Snow began to fall on November 11, and continues into the next day.  In total, 27 inches fell.  Winds blew up to 80 miles per hour.  In some areas of the state 20 foot snow drifts were records.   The snow impeded transportation and threatened lives.  In one report, two locomotives collided in the blowing and blinding snow.  In total, throughout the upper Midwest, 145 people died in the snowstorm. 

Locally, in Sherburne County, the memories are fresh.  In the memoirs of Virginia Johnson, she recalls the challenges of getting home from school during the storm.  She wrote, “Two fathers brought me home.  The road to our home was blocked.  That one fourth mile was hard going following in the far apart tracks of the men.”  

Although not from the Armistice Day Blizzard,
this 1965 photo gives an indication of the
snow buildup in Sherburne County.
From SHC photograph collections 2007.040.058
To further challenge transportation, temperatures dropped fifty degrees in that 24 hour period.  An oral history from Jesse Hibbard recalls, “I was home alone that day. My wife was down to her folks and one daughter was going to school in Minneapolis and the other daughter was up town and the boy, he used to catch a ride to go to high school. I think he just started high school, and he stayed with the girls then two-three days. One daughter and another girl had a little apartment in St. Cloud and he stayed with them until Wednesday and then he came walking up. That was the problem that time - it got cold. Wednesday morning it was 8 below, the storm was Monday, Wednesday morning was 8 below and that kid came walking home, wading through the snow.”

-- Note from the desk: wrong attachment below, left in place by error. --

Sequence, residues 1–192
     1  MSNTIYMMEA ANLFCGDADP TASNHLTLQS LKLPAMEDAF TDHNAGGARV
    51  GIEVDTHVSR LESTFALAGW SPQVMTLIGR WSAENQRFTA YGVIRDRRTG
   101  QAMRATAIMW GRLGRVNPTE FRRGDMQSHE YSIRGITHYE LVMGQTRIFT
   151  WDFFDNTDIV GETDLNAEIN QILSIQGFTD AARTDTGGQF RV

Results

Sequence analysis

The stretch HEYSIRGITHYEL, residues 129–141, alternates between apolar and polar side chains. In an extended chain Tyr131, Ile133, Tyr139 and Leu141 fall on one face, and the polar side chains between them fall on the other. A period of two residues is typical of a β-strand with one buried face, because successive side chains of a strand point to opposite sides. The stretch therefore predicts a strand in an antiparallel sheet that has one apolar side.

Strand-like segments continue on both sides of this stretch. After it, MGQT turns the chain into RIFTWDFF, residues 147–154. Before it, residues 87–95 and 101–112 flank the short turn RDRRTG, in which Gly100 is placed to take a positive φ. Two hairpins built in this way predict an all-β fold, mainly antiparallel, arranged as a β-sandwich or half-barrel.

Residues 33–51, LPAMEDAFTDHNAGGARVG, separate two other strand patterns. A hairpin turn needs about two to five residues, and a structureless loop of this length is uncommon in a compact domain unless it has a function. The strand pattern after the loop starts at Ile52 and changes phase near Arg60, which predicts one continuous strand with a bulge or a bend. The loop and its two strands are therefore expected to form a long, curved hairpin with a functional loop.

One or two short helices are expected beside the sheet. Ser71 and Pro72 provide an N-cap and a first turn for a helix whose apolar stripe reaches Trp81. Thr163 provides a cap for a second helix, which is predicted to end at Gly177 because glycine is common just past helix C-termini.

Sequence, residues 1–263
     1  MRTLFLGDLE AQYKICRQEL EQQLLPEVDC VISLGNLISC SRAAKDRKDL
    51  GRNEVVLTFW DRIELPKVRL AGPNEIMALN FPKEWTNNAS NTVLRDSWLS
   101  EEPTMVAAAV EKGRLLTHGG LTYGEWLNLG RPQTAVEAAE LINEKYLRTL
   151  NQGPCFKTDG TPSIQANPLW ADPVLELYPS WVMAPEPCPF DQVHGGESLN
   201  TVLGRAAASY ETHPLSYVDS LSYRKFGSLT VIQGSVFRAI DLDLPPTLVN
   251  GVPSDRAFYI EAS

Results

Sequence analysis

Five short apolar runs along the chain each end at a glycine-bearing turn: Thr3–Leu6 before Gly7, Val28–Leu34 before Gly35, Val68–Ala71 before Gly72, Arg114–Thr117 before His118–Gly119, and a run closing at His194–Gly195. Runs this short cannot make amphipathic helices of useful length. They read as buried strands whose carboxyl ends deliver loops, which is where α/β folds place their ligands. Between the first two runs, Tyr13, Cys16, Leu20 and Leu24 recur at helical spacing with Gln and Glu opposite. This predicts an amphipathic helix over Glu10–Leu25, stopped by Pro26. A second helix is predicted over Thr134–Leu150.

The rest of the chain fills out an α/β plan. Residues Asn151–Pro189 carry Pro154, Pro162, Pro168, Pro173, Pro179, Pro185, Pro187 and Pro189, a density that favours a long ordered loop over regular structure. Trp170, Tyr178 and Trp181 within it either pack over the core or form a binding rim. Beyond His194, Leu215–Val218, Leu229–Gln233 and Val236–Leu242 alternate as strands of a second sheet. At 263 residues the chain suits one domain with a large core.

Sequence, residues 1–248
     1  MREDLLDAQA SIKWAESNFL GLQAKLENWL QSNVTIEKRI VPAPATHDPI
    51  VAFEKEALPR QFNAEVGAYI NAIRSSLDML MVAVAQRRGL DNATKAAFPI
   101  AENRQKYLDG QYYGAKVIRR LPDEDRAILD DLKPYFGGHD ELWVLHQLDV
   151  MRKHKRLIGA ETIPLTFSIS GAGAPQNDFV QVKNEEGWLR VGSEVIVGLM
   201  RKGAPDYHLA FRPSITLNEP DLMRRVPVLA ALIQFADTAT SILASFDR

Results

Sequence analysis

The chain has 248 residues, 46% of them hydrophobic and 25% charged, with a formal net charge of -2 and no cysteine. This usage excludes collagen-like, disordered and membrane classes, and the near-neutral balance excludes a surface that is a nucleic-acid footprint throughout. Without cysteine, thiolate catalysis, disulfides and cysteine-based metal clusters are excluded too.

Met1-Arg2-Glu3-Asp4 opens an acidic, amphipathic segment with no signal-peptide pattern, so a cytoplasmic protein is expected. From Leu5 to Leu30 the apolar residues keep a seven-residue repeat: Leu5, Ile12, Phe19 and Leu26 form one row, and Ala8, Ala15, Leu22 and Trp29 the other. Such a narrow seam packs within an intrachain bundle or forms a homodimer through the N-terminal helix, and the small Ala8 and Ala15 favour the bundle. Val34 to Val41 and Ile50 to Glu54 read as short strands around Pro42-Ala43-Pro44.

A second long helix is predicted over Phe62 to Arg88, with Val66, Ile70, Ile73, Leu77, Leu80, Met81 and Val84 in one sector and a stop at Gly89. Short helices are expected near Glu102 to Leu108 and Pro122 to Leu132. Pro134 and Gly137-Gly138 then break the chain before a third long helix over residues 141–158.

The snow challenged everyone throughout the state.  It threatened lives and isolated the country.  And the Armistice Day Blizzard was a significant memory to a generation of Sherburne County residents.

Friday, November 4, 2016

The Logging and Lumber Industry in Sherburne County

Logging on the Mississippi River
near the confluence of the Elk River
Logging and lumber industry seem to be overlooked as a factor in the growth of Sherburne County.  Scanning newspaper columns and searching the local histories of Elk River suggest an importance of logging and lumber to the county in the 19th century.  The lumber mill, one of the first buildings in Elk River reinforces the important role of logging.  Equally significant to the lumber industry and the Elk River history was the boom company working in the Mississippi River. 

Lumber industry has long been recognized as significant to the settlement Elk River.  Some of the first structure built in the community included a dam and sawmill along the Elk River.  For several decades the mill in the community chopped up huge amounts of wood to be sold locally or transported to markets in the twin cities.  As early as 1878 the Orono sawmill reported processing 15,000 feet of lumber each day.  

In addition to the mills, the boom companies played a significant role in the county economy.  Boom companies were paid to sort and raft logs in the many rivers of Minnesota.  The mills and the logging companies paid the boom companies to sort logs by the brands attached to each log, and create rafts to float the logs to the appropriate mills.  The boom companies received upwards of 50 cents per 1000 feet of lumber.  Each year the boom companies around Elk River employed over 150 men.